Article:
Why would I do such a thing, especially in light of the fact that I already have an all-original, one-owner (not counting me) Econoline Panel van? Well, it just so happens that the other van, the seafoam green beauty named "Poochie" (in honor of its original owner), was given to me by the original owner's family who asked only that I "do something interesting with it".
|This is Poochie, the proverbial other woman in our stable.|
I want to build a period custom.
But I don't have the heart to change the seafoam green exterior of "Poochie". What I have planned for "Poochie" is to leave all the original scars and bruises and the hand-painted type. And to replace the 141 ci engine/3-speed manual trans/puny stock rear end with a completely modern small-displacement drivetrain. To set the engine back as much as possible for improved handling and performance. A plan that, while not expansive from a bodywork standpoint, will require a lot of surgery and fabrication in order to achieve the desired ride height as seen above. Not to mention a fair share of engineering to stab an EcoTec drivetrain.
Simply put, this "Poochie" has been on the back burner for some time and until my 1929 roadster project is on the road, it will remain there. But that doesn't mean I can't start sourcing the parts and researching, and perhaps lining up some sponsors to provide me deals on parts.
Which brings me back to the original subject of this blog.
I want a mild custom 70s-era van. Something period-correct performance upgrades. An ol' school cool vintage van. Something more along the lines of the vans I post regularly on the Vinvanco Facebook page, and gush about on the Vinvanco.com website. As luck would have it, I happened upon a listing. A perfect Southern California-based candidate for what I have in mind. It had one picture and a simple description. The owner described a west coast body with no rust or bondo, and aside from some very minimal rash, it appeared to be in very solid condition. It was a project that had hit the skids due to a messy business dissolution and lawsuit. I spent a good hour getting the whole story of the Southern California van from Sam, its then owner, who offered to put me directly on the phone with the mechanic who did all the fabrication, which consisted of creating a custom transmission crossmember, V8 engine mounts and plumbing a 9" rear end and suspension.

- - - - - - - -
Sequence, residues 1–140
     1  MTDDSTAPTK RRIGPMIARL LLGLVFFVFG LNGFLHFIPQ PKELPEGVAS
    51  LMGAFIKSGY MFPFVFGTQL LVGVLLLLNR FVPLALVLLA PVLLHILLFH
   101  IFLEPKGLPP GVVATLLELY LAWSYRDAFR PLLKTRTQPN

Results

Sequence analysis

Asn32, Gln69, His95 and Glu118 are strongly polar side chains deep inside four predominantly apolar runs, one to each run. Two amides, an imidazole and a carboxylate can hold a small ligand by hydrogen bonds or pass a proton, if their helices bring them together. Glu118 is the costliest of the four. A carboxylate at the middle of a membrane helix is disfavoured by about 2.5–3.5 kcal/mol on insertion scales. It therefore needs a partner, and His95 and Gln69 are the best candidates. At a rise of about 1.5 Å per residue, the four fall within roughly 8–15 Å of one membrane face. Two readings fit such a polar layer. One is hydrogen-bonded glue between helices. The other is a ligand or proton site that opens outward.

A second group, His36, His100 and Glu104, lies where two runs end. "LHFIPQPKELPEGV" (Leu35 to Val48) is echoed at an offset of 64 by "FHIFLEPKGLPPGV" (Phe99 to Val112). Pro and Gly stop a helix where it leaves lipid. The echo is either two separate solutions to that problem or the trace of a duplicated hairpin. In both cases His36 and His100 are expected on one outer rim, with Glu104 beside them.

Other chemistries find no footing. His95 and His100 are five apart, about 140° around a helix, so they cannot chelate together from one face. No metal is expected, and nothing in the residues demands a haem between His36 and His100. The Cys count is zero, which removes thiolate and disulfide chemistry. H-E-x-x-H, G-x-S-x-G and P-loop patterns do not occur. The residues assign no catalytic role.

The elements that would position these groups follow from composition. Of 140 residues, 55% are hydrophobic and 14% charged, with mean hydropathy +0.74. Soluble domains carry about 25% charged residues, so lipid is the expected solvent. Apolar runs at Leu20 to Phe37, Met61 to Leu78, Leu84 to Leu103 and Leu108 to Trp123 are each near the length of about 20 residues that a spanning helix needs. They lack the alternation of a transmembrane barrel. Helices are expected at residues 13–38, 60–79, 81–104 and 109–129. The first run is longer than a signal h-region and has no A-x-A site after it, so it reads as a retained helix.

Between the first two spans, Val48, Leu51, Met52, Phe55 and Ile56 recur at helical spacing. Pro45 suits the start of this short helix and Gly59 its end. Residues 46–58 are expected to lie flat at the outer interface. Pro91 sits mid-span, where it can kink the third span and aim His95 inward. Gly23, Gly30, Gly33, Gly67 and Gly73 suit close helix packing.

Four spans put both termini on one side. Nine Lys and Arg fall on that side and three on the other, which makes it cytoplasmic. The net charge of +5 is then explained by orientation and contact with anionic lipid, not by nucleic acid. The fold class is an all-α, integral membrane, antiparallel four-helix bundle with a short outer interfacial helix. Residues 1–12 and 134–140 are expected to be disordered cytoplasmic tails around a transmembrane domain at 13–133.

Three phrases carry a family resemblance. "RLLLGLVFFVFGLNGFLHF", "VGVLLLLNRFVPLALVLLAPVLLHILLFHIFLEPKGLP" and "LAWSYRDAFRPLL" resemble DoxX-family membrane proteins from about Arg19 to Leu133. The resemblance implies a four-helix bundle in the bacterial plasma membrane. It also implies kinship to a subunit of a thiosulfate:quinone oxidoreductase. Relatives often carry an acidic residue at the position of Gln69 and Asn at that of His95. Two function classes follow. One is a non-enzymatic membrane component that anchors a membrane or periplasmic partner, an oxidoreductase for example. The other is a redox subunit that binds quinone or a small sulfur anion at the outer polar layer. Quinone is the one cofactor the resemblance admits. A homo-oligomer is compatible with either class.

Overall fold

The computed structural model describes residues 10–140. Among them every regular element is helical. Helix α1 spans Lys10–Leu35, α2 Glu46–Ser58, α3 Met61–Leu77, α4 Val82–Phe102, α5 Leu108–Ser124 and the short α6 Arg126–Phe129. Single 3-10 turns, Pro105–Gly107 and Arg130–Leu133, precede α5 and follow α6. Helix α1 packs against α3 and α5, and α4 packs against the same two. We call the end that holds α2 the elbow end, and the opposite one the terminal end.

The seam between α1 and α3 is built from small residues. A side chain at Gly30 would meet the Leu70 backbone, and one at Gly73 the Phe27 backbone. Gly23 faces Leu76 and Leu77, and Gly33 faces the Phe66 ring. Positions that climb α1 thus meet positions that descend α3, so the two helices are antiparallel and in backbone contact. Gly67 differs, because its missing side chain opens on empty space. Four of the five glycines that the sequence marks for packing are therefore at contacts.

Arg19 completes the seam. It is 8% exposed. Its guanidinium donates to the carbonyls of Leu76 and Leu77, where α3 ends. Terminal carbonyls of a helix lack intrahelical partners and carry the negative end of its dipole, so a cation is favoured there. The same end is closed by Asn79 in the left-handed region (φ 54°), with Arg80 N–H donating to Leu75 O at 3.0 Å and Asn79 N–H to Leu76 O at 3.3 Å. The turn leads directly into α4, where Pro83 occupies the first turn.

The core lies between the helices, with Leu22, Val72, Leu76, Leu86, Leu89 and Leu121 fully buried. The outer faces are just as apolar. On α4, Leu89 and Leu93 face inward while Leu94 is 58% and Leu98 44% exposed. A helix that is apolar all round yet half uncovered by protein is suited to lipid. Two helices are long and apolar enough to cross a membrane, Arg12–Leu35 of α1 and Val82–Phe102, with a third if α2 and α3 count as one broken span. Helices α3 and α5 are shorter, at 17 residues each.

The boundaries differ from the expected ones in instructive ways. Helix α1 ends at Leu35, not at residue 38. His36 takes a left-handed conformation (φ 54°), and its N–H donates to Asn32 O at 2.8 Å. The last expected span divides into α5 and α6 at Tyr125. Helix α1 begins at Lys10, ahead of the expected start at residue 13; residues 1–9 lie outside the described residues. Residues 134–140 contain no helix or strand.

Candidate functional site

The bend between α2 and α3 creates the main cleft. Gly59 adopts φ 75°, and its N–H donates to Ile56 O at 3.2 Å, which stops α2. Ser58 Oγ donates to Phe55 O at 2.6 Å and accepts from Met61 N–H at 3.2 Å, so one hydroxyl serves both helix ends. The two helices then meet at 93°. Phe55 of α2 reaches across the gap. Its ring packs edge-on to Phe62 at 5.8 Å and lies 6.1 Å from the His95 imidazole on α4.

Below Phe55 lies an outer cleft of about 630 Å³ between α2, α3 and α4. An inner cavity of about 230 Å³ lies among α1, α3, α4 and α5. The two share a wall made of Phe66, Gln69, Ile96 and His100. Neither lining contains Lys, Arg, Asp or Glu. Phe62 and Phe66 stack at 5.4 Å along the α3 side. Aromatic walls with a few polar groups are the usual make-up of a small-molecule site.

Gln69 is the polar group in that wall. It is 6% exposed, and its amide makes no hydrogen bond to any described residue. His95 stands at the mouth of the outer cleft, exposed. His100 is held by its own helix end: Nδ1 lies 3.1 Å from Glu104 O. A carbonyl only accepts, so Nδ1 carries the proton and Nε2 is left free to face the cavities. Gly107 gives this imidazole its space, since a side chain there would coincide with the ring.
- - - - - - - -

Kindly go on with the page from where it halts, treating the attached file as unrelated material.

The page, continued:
By the time I talked to the mechanic, I could hardly sleep at night. I sent my nephew and brother in law, who know old cars and as luck would have it lived in the same zip code, over to Sam's to have a look. Their report? A clean candidate. All glass was good. The dash was uncut. The roof was uncut and it appeared to have one older paint job over the original factory blue. The interior was a blank canvas with no signs of ever having been modified. The fab work was well done and the engine, while dusty, was not grungy. Besides the fabrication work by the mechanic, the owner, a metal worker, had fashioned a front tunnel from the nose of the van to the doghouse in order to improve airflow. He had also widened the doghouse to accommodate a 289 engine with headers. The van matched the description I'd been given over the phone so I made an offer, it was accepted and one $800 dollar U-Ship transaction later, it was sitting in my backyard.
In truth, I paid less than the previous owner had invested and more than a lot of van folks would shell out for something like this. But I figured I the opportunity to work forward rather than backwards, and could avoid fixing stuff that was done wrong or was rusted out. Everything the owner had done was something I would have done and the cooling tunnel and widened engine compartment were a lucky strike extra.
Which is all just my way of saying that in my opinion, it was well worth the price of admission.
A rock solid, rust-free West Coast body and an upgraded 289/C4/9" drivetrain was all the convincing I needed. The plan for this old girl, which we're calling Pandora, is the subject of another post.
So there you have it. That's what I was thinking.